Protesting, Policing and Politics: Will Our JPVP Voters Find Common Ground?

Protesting, Policing and Politics: Will Our JPVP Voters Find Common Ground?

June 10, 2020 in *Ongoing Findings, Latest
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Two weeks have passed since the death of George Floyd and protesters continue to take to the streets. We asked our Jewish Political Voices Project (JPVP) participants their thoughts on the protest as well as the looting and police response. It’s important to note that these are the opinions of our voters, and while their analysis may not always be correct and is sometimes based on fake news, this is what they hear and believe based on what they see in their communities.

While almost everyone agrees with people’s right to protest, the reaction to how protesters have been treated amid some of the chaos varies widely. According to Republican Lou Weiss of Pennsylvania, “police response should have been faster and stronger” while Democrat Beth Bendheim from Virginia says, “seeing first-hand how the police are overreacting really bothers me.” Most JPVP voters were not in favor of ‘defunding police’ but had different ideas on how to reform police departments. When asked about the leadership shown by Donald Trump and Joe Biden and how this crisis might affect the November election, opinions varied as well. Amongst Republicans, Iowa’s Harlan “Bud” Hockenberg feels “the current events will motivate independent voters to support Trump as the law and order candidate.” Ohio Republican Andrew Smith thinks the opposite: “It has solidified my view that Trump is simply not up to the job of being President,” he says. On the Democratic side, Stephanie Wudarski of Pennsylvania feels “Joe Biden has risen to the occasion,” while Michigan’s Stuart Baum thinks that “Biden needs to own up to how he helped create this problem.” Iowa Democratic city council member Janice Weiner says, “it will take us real-time to change society and its institutions.” Republican voter Ruth Kantrowitz from Wisconsin sums it up: “There needs to be a country-wide movement to sit down and break bread between cops and residents, blacks and whites, different religions, and political parties. Everyone needs to gain respect and learn to listen.”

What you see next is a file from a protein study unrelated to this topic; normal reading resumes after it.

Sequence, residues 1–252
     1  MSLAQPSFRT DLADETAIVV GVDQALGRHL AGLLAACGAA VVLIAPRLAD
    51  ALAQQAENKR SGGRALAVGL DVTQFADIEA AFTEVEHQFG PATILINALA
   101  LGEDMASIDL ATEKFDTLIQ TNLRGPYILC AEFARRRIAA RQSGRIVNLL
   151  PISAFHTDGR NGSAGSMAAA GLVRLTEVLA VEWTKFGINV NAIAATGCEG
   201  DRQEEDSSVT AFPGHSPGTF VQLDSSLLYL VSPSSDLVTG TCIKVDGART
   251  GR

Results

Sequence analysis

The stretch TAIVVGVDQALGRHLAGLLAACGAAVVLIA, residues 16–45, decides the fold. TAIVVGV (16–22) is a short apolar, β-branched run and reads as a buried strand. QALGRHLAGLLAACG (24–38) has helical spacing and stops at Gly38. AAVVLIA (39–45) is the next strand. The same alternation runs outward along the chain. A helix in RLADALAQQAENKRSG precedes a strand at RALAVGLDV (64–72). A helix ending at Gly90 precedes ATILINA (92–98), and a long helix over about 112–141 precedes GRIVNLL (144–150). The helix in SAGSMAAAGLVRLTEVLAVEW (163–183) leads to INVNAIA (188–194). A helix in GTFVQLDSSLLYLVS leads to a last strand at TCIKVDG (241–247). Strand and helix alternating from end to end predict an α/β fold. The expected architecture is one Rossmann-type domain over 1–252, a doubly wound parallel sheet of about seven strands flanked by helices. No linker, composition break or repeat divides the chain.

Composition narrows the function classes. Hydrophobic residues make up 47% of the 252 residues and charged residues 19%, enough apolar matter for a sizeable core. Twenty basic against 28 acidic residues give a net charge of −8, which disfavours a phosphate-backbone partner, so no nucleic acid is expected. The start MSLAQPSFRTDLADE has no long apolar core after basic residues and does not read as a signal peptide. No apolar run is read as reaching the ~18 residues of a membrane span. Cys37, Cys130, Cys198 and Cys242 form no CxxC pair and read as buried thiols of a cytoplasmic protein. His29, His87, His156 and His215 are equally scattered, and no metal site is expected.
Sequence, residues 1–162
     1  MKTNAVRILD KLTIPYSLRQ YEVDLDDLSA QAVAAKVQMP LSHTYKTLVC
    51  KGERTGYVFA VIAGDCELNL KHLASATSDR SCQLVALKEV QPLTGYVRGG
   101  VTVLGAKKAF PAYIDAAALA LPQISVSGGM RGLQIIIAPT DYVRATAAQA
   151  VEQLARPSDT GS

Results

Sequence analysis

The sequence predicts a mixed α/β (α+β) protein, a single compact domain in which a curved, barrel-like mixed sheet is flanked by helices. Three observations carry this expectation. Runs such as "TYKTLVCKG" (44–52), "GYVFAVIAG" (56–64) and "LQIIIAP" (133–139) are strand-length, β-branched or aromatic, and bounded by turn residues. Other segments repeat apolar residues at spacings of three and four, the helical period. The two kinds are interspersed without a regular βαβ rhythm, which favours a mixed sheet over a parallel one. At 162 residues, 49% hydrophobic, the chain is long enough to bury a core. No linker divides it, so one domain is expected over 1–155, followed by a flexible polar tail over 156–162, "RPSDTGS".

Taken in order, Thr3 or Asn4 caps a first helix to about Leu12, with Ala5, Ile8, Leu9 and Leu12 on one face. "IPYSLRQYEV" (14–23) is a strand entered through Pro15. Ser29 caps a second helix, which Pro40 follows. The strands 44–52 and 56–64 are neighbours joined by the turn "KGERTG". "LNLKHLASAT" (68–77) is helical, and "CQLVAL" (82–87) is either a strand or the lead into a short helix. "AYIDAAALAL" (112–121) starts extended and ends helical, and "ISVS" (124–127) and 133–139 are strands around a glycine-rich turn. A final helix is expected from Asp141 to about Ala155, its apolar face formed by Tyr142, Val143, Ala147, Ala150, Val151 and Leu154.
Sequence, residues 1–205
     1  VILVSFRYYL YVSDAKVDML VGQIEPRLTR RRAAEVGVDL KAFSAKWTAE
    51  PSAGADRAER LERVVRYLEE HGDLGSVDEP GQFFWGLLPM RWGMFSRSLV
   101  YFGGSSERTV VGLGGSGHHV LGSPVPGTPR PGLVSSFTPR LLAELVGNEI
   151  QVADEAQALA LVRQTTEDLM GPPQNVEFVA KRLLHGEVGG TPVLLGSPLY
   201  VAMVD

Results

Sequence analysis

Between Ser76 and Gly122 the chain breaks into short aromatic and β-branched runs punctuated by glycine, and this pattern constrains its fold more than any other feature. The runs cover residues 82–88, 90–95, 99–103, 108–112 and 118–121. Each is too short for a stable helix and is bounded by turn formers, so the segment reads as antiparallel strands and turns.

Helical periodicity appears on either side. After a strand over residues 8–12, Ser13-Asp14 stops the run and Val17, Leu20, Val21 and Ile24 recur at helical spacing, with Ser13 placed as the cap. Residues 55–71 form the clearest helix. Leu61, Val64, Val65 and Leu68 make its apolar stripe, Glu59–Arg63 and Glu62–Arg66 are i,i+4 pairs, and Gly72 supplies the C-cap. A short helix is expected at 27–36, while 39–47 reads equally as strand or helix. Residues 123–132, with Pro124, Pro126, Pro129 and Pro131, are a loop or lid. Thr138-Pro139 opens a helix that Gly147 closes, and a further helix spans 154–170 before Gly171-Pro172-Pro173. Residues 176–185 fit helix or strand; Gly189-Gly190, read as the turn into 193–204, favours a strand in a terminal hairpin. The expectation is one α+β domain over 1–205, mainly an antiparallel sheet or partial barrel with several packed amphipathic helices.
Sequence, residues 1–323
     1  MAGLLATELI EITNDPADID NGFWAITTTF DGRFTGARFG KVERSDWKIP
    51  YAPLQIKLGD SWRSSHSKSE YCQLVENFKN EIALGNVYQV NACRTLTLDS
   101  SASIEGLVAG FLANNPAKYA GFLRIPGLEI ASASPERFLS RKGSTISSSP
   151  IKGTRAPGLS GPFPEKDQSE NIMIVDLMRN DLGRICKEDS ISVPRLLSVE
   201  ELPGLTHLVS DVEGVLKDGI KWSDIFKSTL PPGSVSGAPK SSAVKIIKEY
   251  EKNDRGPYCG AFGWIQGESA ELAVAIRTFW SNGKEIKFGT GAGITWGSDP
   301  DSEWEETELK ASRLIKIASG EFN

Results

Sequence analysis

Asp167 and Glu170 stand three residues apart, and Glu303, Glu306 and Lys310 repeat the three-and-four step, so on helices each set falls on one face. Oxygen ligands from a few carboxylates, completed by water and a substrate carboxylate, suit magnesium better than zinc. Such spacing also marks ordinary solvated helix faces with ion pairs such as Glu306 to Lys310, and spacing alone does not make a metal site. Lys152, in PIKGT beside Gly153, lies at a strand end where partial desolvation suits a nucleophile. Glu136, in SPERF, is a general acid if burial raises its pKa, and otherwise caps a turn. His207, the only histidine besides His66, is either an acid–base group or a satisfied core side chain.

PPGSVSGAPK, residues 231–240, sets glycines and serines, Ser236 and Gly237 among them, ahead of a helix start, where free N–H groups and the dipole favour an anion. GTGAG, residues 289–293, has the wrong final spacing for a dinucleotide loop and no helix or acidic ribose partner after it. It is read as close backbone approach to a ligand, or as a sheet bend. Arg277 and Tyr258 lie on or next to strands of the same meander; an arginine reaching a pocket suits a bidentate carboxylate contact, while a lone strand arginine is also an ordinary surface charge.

Read the latest interviews with our voters to learn more about their thoughts on protesting, policing, and politics in America.

Harlan “Bud” Hockenberg (IA): ‘Systemic Racism Is an Antifa Fiction to Destroy America’

Janice Weiner (IA): ‘It’s Not About the President—it Is About the Country and Systemic Racism’

Stuart Baum (MI): ‘The Institution of the Police is Broken and Must be Upended’

Ariana Mentzel (MI): ‘Trump Is an Agitator and Spokesman for Fascist Thinking and Brutality’

Mark Goldhaber (NC): ‘How Will Joe Biden Reach Across the Political Landscape to Encourage Me to Be Willing to Vote for Him?’

Andrew Smith (OH): ‘I Do Not Feel the Criminal Behavior of Even a Few Bad Cops is Characteristic of Policing Generally’

Nancy Santanello (PA): ‘Protesting Is the Bedrock on Which America was Founded’ 

Lou Weiss (PA): ‘Law and Order are Attractive Things to Most People’

Stephanie Wudarski (PA): ‘Protests Are Aimed at Changing the Societal Contract Between Citizen and Law Enforcement’

Alan Zimmerman (VA): ‘I Think It Is Important for People to Get Out There and Be Counted on This Issue’

Beth Bendheim (VA): ‘I Give Lots of Credit to the Younger Generation’

Hannah Rosenthal (WI): ‘What We Need Now, Urgently, is Leadership, Competence, and Empathy’

Ruth Kantrowitz (WI): ‘Everyone Needs to Gain Respect and Learn to Listen

Eliot Strickon (WI): ‘My Pet Rabbits Have Handled the Crisis Better Than Trump’

 

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